Scooting around Gozo

After experiencing the bus system – which, in the pros column is cheap and goes everywhere you could want to go, but has some rather significant drawbacks. The posted “schedule” is at best a vague suggestion, and in all likelihood, you may find yourself waiting 1hr30 for a bus that might choose not to show up at all. After fully experiencing this marvel, we decided to look into other transportation options, of course settling on the funnest and most adorable option possible: a scooter!
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My fellow adventure expressed some reluctance, but in the end, the freedom and flexibility of having our own wheels won her over. Imagine my delight! I used to scoot around in high school, and I am definitely my father’s daughter, inheriting his love for two-wheeled transportation vehicles/joy machines.
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The call of the islands drew us immediately north, where we bored the ferry to Gozo. After an uneventful crossing, we were soon zipping our way through the Gozoian countryside.
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Our first stop was this church that we spotted from a distance, as it is spectacularly large and lovely. However, we soon learned that it is, in fact, not old at all! While there are many historic buildings in Gozo, this was not one of them (contruction finished in the 1970s. However, it did have places where you could view the stunning panoramic views of the island.
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From there, we lunched in Victoria, sitting on a patio in the summery sun.

Cittadella:

Our next stop was the cittadella (citadel), which was built in 1622. Here we crept through tiny tunnels to stand in ancient grain storage bins, saw the armoury, and wandered along the walls.
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Salt pans:

We then headed to the salt pans. Salt is my weakness, so imagine my delight to be in the place WHERE SEA SALT IS BORN! It was so cool to see this centuriees-old Gozitan method! It is still family owned, and we got to meet one of the owners as she opened up the salt shop for the day. It has been in her family for 5 generations, and she graciously explained how the salt is collected.IMG_9592.jpgThe large, shallow rock pans are filled with sea water in the spring/early summer. Under the sun, the water quickly evaporates (taking approximately 7 days), and then they will go and sweep up crystals of sea salt. At times, summer storms will wash away all the salt, which is devastating for the crop. The salt is then stored in caves carved into the rock (one of the origninal storage caves is used as the salt store).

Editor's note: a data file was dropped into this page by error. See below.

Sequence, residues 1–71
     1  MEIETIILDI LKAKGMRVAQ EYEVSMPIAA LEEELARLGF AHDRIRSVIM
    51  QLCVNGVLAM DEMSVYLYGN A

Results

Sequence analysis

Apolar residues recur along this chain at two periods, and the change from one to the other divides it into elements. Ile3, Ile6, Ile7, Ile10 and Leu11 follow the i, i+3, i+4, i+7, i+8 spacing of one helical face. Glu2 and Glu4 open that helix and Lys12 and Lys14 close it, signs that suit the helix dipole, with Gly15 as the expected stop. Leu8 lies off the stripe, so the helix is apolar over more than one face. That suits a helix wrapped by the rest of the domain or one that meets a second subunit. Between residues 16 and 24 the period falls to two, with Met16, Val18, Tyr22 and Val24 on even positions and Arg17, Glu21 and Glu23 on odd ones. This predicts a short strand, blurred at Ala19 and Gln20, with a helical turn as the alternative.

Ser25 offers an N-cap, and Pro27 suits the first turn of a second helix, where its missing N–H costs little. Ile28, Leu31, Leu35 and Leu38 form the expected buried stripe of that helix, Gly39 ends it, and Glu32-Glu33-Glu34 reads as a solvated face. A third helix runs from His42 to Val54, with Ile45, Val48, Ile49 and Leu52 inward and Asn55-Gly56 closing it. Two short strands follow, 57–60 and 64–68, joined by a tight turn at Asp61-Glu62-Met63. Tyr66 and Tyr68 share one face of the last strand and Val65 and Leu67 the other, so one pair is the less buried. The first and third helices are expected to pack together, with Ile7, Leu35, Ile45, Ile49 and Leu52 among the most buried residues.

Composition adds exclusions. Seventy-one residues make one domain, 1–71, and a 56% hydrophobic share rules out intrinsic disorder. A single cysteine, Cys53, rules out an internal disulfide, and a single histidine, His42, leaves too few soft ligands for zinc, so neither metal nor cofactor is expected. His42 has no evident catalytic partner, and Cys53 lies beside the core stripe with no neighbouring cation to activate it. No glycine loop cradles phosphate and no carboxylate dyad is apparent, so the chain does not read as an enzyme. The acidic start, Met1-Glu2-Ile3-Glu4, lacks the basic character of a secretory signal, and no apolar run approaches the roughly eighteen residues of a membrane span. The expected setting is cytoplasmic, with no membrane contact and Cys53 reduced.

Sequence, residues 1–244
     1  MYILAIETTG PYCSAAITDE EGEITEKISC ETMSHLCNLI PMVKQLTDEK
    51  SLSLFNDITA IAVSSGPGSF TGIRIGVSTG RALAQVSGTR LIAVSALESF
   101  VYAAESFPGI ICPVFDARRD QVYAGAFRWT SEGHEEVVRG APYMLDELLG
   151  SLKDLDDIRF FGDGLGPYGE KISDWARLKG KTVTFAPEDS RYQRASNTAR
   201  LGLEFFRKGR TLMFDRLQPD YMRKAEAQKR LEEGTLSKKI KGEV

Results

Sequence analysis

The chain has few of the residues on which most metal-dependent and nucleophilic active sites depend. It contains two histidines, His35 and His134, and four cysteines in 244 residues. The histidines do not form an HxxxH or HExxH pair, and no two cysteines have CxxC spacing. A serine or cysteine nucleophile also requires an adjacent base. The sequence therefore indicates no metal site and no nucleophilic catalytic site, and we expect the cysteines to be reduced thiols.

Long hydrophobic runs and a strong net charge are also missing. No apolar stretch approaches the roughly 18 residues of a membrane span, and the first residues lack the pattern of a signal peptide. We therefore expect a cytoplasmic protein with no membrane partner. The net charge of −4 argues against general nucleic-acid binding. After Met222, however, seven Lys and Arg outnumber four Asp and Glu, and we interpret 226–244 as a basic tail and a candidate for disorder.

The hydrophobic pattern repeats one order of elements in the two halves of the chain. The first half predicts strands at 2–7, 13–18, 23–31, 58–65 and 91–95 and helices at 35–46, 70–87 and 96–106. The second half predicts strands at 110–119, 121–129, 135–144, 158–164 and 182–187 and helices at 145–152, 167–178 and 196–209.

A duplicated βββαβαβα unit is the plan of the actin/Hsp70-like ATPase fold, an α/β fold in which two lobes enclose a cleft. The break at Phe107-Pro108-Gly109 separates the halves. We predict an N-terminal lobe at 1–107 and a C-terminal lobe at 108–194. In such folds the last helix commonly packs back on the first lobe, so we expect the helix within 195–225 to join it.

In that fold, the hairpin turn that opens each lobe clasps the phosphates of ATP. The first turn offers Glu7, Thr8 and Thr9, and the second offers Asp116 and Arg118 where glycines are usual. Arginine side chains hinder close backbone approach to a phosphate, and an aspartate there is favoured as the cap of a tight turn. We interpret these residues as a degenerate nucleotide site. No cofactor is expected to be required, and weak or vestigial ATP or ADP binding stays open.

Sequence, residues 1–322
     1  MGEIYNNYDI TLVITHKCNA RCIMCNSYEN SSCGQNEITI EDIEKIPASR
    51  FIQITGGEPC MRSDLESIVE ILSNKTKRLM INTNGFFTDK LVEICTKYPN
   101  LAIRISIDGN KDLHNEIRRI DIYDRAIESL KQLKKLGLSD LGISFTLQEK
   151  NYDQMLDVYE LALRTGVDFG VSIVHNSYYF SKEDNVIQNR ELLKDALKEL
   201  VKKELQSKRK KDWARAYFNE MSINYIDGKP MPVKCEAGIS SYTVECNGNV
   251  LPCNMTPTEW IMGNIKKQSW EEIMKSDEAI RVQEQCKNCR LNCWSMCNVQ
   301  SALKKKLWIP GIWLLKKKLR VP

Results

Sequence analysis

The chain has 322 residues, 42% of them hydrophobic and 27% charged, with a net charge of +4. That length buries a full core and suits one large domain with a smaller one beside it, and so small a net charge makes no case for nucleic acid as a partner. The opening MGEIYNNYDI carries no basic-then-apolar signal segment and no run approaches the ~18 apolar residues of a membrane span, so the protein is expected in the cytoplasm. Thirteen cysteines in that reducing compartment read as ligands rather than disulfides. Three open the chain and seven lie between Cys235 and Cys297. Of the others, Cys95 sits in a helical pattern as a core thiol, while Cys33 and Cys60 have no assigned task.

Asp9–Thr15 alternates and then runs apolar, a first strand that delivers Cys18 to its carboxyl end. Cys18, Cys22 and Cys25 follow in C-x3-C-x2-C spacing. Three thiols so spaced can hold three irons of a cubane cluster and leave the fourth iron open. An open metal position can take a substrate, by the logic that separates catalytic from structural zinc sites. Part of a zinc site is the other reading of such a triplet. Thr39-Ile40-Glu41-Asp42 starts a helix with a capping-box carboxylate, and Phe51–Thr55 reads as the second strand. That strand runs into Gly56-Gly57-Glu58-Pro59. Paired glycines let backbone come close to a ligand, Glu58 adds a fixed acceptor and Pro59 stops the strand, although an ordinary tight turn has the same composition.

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This place could not make my heart smile any more – combining my favourite things – friendly people, learning interesting things, salt, and an open road for cruising

Azure Window & Blue Hole:

Our final Gozo destination was the Azure Window and Blue Hole (inland sea). This was the place I was most excited to visit, and it did not disappoint. You get to amble across weather-worn wholey rock to the spectacular natural arch formed in the limestone from the confluence of excessive fault-ins and years of unrelenting wind and water.

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The “blue hole” or the inland sea that is located directly across from the Azure window was a beautiful and fascinating place as well. This deep inland sea pool leads into a deep crevice that leads out to the Meditranean sea. The water is so clear and the colours are mesmerizingly rich.
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I learned two sobering facts after leaving this one-of-a-kind spot. The first, not too surprisingly, is that the Azure Window is predicted to collapse “any day now.” You don’t need to be a geologist to see a really large crack in the arch, and apparently large bits of the rock keep falling off into the ocean (making it particularly hazardous to walk on top of the arch and kayak/swim/dive under it). At some point, this will become the Azure Pinnacle, a testament to the unrelenting forces of nature, that ever keep marching forward.

The second was a more sobering one about how human carelessness can cause irreversible damage. Game of Thrones had been filming by on location, and a subcontractor spread a layer of sand over top of the aforementioned wholey rock, causing irrepairable damage to the rich and unique micro ecosystem underneath, turning, “what once was an egg into an omelette.” When I get to spend days in the world’s most spectacular places, I am reminded of how critical it is for us to enjoy these spots, to savour their beauty, and to love them, in order to do what we can to protect these unique and fragile spaces.

For now, I will be so grateful to get to wander these spectacular spaces and rove the roads of Gozo.

Later kids!

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